You cannot run the Network Registrar DNS and DHCP servers concurrently with any other DNS and DHCP servers. In many Windows 2000 server systems, these services are enabled and running by default. If the Network Registrar installation process detects that a conflict might exist, it displays a warning message. To correct the Windows configuration, from the Service Control Manager (Control Panel > Administrative Tools > Services in Windows 2000), either change the Microsoft servers from a Startup Type of Automatic to Manual or Disabled, or stop the Network Registrar protocol server that conflicts with the Microsoft one by using the Stop function in one of the user interfaces. (The server {DNS | DHCP | TFTP} disable start-on-reboot command is available in the CLI to prevent the Network Registrar servers from starting automatically after a system reboot.)

Usernames

Usernames are case-insensitive. If you upgrade with usernames that differ in case only, the upgrade process deconflicts these usernames, and a warning message to that effect appears in the mcdupgrade_log file.

All existing usernames are converted to NRCMD limited access users, as defined in the Web UI, except the admin account, which is converted to superuser. If there is no admin account, it is created with a password of changeme.

Name Changes in Release 6.1

A number of name changes to processes, utilities, and files occurred in Network Registrar 6.1 that can affect automated scripts you have from previous releases. Table 1-2 summarizes these changes.

Table 1-2 Name Changes in Network Registrar 6.1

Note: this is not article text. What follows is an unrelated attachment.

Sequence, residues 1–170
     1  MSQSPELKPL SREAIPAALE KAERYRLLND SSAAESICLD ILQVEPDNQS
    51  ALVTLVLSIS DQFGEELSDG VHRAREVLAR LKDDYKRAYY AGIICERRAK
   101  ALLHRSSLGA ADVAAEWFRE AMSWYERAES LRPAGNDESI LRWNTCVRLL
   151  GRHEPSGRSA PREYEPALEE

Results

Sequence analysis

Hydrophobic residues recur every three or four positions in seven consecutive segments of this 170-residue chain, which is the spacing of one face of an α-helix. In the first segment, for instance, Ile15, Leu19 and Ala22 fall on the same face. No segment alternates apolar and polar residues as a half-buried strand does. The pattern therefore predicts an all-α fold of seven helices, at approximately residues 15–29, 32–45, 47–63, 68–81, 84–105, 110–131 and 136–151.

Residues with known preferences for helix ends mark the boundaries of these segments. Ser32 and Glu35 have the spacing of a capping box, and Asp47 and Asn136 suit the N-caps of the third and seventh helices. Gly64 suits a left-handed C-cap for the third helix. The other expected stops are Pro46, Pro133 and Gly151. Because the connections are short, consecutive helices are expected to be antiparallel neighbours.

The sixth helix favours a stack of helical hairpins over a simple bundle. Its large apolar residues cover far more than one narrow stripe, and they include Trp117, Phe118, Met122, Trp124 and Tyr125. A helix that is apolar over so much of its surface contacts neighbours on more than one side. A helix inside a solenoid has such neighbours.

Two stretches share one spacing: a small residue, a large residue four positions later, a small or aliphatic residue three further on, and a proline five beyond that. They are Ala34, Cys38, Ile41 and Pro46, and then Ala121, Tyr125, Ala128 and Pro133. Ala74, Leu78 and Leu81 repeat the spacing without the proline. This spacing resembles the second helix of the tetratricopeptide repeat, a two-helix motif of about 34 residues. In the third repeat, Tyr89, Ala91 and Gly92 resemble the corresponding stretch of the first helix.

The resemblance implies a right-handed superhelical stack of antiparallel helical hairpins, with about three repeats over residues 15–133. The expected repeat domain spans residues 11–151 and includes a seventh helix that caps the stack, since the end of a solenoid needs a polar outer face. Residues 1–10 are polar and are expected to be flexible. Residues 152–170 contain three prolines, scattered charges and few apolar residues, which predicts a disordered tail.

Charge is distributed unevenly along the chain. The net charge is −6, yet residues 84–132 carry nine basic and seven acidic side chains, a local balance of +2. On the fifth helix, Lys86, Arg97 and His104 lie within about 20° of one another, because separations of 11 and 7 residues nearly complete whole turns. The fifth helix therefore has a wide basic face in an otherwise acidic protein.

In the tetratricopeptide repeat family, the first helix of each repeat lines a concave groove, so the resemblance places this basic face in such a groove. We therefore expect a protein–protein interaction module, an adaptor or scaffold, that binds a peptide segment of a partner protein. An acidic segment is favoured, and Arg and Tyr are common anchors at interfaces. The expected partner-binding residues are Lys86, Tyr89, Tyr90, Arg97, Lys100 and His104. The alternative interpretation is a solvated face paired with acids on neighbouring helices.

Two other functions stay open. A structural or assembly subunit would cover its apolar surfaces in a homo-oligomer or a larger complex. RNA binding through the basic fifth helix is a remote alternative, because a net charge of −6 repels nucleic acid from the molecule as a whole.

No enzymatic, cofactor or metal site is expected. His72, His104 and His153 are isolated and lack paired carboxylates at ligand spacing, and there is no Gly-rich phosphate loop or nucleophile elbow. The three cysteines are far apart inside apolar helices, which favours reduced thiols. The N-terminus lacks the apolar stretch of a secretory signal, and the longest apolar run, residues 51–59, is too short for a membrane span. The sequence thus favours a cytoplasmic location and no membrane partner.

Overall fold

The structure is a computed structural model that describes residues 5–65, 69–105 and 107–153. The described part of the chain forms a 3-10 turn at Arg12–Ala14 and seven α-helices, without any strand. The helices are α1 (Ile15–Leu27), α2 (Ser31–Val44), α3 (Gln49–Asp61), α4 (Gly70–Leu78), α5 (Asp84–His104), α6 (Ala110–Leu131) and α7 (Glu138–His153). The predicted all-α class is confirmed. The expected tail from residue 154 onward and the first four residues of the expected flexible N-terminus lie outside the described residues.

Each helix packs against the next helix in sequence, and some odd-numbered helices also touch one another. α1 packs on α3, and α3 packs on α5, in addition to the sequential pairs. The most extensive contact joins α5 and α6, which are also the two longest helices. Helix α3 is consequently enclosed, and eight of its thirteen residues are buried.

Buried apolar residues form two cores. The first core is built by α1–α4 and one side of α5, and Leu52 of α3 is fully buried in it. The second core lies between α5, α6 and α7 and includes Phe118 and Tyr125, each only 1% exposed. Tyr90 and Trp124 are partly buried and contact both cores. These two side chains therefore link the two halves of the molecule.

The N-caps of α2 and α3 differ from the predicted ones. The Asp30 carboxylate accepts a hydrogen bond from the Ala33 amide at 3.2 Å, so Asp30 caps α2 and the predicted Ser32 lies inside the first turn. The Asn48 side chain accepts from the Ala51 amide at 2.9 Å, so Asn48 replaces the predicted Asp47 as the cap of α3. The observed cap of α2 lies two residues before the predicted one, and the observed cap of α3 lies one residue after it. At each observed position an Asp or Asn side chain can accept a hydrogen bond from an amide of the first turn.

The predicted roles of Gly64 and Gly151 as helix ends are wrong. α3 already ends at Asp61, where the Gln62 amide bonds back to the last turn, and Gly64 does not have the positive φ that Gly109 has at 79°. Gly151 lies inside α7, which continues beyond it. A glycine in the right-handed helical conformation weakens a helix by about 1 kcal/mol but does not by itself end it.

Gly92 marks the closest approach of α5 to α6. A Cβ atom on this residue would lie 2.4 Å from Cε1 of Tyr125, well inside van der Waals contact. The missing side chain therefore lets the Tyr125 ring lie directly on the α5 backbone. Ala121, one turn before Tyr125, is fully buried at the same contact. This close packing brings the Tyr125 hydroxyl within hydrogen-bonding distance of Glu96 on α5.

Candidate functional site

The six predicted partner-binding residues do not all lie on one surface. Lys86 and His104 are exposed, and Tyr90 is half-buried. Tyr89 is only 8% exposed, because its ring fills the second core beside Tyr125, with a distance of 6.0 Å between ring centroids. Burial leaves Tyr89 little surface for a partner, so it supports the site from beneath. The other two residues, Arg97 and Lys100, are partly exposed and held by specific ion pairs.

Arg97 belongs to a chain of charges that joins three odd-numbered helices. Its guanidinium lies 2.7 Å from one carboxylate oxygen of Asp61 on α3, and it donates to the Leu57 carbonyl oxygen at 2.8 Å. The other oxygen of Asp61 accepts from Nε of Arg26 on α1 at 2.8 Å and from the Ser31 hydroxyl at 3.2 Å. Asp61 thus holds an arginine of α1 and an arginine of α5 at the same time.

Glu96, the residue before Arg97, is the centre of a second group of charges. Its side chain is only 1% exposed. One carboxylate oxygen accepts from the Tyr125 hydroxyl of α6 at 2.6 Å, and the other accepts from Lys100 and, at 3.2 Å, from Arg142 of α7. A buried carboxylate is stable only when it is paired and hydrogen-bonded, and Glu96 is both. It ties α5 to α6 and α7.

Previous Name
New Name
Change Action

AIC Server Agent 2.0

nwreglocal (displays as Network Registrar Local Server Agent)
nwregregion (displays as Network Registrar Regional Server Agent)

Windows Network Registrar server agent process renamed to local and regional server agent processes

/etc/init.d/aicservagt

/etc/init.d/nwreglocal
/etc/init.d/nwregregion

Solaris and Linux server agent process renamed to local and regional server agent processes

aicservagt.exe

cnrservagt.exe

Windows Network Registrar server agent executable file renamed

aicservagt

cnrservagt

Solaris and Linux Network Registrar server agent executable file renamed

mcdsvr.exe

ccmsrv.exe

Windows MCD server file renamed to the CCM server file

mcdsvr

ccmsrv

Solaris and Linux MCD server file renamed to the CCM server file

config_mcd_1_log

config_ccm_1_log

Configuration log file renamed

aicstatus

cnr_status

Server status utility renamed


After Installation

After installing Network Registrar, you must enter a license key and configure Network Registrar for your network. For the configuration procedures, see the Network Registrar User's Guide. For details about commands available through the CLI, see the Network Registrar CLI Reference. Additional on-line help is available from the Web UI and CLI.